Hedersen strode over to them, other soldiers at his heels and the newcomers were assisted to the corner where the injured lay on blankets over straw. Lilka pushed herself to her feet and went to see if she could help. Someone shoved a bucket at her. “Water!”

“Where?”

“I’ll show you.” Vander, the soldier with the missing eye, grabbed another bucket. “Follow me.” He walked over to the door and knocked on it.

“What is it?” came through the door.

“We need water.”

There was the sound of the bar being lifted and the door swung open. Lilka followed Vander through the door, past a pair of guards.

Vander led her across the yard to the pump, and her heart lifted. Aside from the soldiers on the door, she could see only four sentries, the pair doing the circuit around the barn, and the pair on the gate. Beyond them the fields were open, and on the other side of the fields was the edge of a wood.

“Is this all the soldiers?” she asked Vander as they bent over the pump. “It doesn’t look well-guarded.”

“Look up,” he said.

She looked. Overhead, three dragons flew in lazy circles. “Oh.”

“You’re not the first to think about trying it. Ask Hedersen about what happened to the soldiers who made a run for it.”

The image of bones in the wind filled her mind and she pushed it away.

They filled the buckets and returned under the watchful eyes of the sentries. She deposited her bucket near the injured soldiers, but there was nothing else for her to do. Hedersen was deep in conversation with a group of men including one of the newcomers. Vander moved over to join them and she followed.

“—came over the hills. No idea they could fly that high. They were into the city before we realised.”

City? “Which city?” she asked.

“Koongal.”

“But that’s—”

“Quiet!” snapped Hedersen. “Go on.”

“We were expecting them to come around, come at the city from the south. We had scouts out as soon as we heard that Glen Moore had fallen. They said we’d have three days to prepare. We had about three3 hours. There weren’t even any refugees on the road. They started coming after the battle. It was all over so fast.”

Lilka’s heart hammered in her chest and she turned away to hide her tears. Koongal was in the heartlands, a great, bright city of flowing banners and many thousands of people. And between there and here was her little village. She closed her eyes. Her mother, her brother. Dead? Or on the road, with thousands of other refugees, looking for food and shelter as winter crept nearer? She realised that the newcomer was still talking, and wiped her eyes.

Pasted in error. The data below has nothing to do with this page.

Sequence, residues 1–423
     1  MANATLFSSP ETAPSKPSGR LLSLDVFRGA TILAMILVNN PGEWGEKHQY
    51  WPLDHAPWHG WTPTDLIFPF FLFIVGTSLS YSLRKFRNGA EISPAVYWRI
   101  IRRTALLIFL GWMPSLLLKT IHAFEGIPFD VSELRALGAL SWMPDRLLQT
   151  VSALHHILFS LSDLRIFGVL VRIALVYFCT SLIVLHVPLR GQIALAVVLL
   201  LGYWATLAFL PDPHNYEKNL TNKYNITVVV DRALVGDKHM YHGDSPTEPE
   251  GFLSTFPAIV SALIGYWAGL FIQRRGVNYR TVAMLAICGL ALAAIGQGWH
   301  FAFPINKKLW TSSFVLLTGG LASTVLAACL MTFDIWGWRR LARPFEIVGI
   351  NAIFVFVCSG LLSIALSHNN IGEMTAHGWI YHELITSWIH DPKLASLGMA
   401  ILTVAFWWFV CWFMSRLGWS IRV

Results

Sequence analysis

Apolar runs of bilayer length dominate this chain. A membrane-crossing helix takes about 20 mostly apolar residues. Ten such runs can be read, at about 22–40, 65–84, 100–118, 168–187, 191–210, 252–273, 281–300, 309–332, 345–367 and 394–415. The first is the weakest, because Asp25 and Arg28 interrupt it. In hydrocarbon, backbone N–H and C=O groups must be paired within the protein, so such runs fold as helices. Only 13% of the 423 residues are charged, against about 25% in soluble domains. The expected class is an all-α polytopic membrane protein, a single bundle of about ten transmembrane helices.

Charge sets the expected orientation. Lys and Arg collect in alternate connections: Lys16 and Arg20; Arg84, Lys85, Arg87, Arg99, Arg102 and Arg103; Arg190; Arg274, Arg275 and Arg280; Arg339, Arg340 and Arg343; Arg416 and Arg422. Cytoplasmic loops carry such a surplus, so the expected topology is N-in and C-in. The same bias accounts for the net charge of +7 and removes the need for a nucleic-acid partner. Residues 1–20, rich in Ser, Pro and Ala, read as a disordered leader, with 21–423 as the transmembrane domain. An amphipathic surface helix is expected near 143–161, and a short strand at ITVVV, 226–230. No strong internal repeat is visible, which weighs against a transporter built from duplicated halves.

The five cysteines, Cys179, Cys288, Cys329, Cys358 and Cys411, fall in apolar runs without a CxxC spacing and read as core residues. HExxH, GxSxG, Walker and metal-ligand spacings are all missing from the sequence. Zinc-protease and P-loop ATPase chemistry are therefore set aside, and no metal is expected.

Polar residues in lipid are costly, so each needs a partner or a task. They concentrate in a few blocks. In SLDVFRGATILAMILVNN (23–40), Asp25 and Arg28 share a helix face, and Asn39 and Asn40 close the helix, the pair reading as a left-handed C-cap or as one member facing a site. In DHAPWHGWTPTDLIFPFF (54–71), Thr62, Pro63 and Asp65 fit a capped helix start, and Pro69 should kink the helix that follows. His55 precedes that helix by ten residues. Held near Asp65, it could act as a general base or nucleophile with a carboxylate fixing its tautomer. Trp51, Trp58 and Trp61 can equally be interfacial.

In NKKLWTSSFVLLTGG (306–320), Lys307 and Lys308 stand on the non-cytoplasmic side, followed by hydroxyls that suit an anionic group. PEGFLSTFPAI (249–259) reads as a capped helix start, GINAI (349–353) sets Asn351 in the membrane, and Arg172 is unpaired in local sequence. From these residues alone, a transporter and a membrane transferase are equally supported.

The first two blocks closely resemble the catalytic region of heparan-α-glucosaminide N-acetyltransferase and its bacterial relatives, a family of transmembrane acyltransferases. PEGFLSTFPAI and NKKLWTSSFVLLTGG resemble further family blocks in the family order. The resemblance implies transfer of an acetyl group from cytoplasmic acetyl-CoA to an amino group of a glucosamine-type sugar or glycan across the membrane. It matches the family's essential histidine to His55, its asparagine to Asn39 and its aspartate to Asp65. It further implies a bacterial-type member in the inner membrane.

“—was three days ago. We got separated, rode down across the lowlands, hoping to get to the port, which was still free last we heard. But they caught us in open country just north of here.”

Hedersen grabbed the man by the arm. “Did you see any posts on your way through?”

“Posts?”

“Groups of six, with men in the middle.”

The man shook his head. “No, nothing. We didn’t even see any foot soldiers until about a day later.”

“No foot soldiers in the invasion?”

“No. The dragons came in, slaughtered the main defense and dropped men straight into the middle of the city. There were hundreds of them. We barely killed a score with the ballista.”

“I saw them.” The words came out without thinking, and suddenly Lilka was the centre of attention.

“Where?”

“In the swamplands, south of Wandal. They flew over, two nights ago.”

“Couldn’t be. We were attacked three days ago.”

“Which means there’s another wing out there somewhere.”

In the horrified silence, they could hear the moans of one of the injured men.

“We have to get this information back.” Hedersen slammed his fist against his thigh.

“How?” Vander stepped into the circle. “I’m not keen on ending my days as dragon food.”

“Doesn’t matter. If we don’t get this information back to the defenses—”

“Then what?” An injured soldier pushed in, angrily. “We’ve already lost. If they can get from Glen Moore to Koongal in a day, how are we supposed to defeat them?”

“We have to let people know about the—” he lowered his voice. “About the magic. It’s all we’ve got.”

“What magic?”

“Come with me, and I’ll explain.”

Lilka left them to it. She leaned against the wall, slid down it. Hedersen was right, but so was the injured soldier. They had lost. They had nothing that could defeat the great beasts, the mass of Matten’s army.